“The follower is no longer a mere subordinate who accepts and obeys the dictates of the leader. The leader or leadership also is transformed due to the complexity and the necessity of collaboration. Understanding each other’s role and values is essential in this transformation of the traditional view in organizations” (47).

 

February 20, 2009

Robillard, Students and Authors in Composition Studies

Robillard, Amy E. “Students and Authors in Composition Studies.” In Authorship in Composition Studies. Eds Tracy Hamler Carrick and Rebecca Moore Howard. Wadsworth Publishing, 2005.

Composition scholarship, by not citing student writing and by calling students by pseudo first names only, constructs students as non-authors, as children. This deficiency model has several problems. First, it perpetuates the idea of the teacher as hero, defined by her students’ successes and failures. Second, it places teachers in an hierarchal position in the classroom, one in which she possesses students (aka “my kids.) Third, it conditions the student to take on the role of a passive reader whose own texts are never circulated and always compared (negatively) to the work of professional writers. Last, by acting as if our students are children in both our teaching and our research, we are continuing the low perception and status of composition in the academy, for our attitudes towards our students are more in line with the attitudes of secondary and elementary teachers than those of our colleagues in other disciplines. Robillard surveys and reviews a number of works in the field, showing how they position and represent students in their discussions, choice of diction, and citation methods.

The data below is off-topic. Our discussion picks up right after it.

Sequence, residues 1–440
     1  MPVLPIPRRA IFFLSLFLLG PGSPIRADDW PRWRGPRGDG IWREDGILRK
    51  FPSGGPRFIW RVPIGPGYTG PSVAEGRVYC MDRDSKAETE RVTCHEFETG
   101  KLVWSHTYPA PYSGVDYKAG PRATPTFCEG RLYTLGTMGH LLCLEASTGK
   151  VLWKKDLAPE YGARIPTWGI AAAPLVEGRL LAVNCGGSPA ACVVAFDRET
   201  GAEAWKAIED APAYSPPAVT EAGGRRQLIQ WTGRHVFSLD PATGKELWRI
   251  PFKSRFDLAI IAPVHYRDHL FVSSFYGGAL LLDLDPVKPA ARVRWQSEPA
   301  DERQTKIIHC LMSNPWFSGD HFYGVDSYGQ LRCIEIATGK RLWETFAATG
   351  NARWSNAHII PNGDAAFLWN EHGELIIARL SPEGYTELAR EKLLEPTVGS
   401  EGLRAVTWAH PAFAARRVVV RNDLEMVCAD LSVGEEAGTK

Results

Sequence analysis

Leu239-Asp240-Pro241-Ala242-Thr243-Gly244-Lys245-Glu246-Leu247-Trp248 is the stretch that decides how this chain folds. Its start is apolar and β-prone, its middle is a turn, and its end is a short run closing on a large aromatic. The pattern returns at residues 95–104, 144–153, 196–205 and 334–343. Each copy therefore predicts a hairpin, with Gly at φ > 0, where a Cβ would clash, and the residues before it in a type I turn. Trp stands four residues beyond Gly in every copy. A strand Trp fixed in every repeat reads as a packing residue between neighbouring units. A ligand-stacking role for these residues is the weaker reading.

Quotable Quotes

“A student reads; an author is read” (51)

“In the institutionalized constrast between Author and student, the Author is originary, the student imitative (as is a child). If an Author is autonomous, a student is dependent (as is a child). If an Author is solitary and originary, a student depends on the work of others and is easily influenced (as is a child). If an Author is precise, a student is messy (as is a child). If teachers do not attend to the constructions of students that the discursive practices of the classroom encourage, if they continue to reproduce the constructions of students that they have been working with, they can do no better than to enact this dysfunctional binary” (54).

“Citation of one’s work – positive or negative – is a mark of respect for any writer” (48).

“WIth the respect that is entailed in citation comes the authorial loss of control over the text. To insist on students’ retaining control over their texts is to deny them authorial status” (48).

The “unwritten belief that teachers are judged by the work their students do” (43).

Notable Notes

uses student quote and cites it as we would an author, full name

composition is a field about its students – what other field is?

author/student binary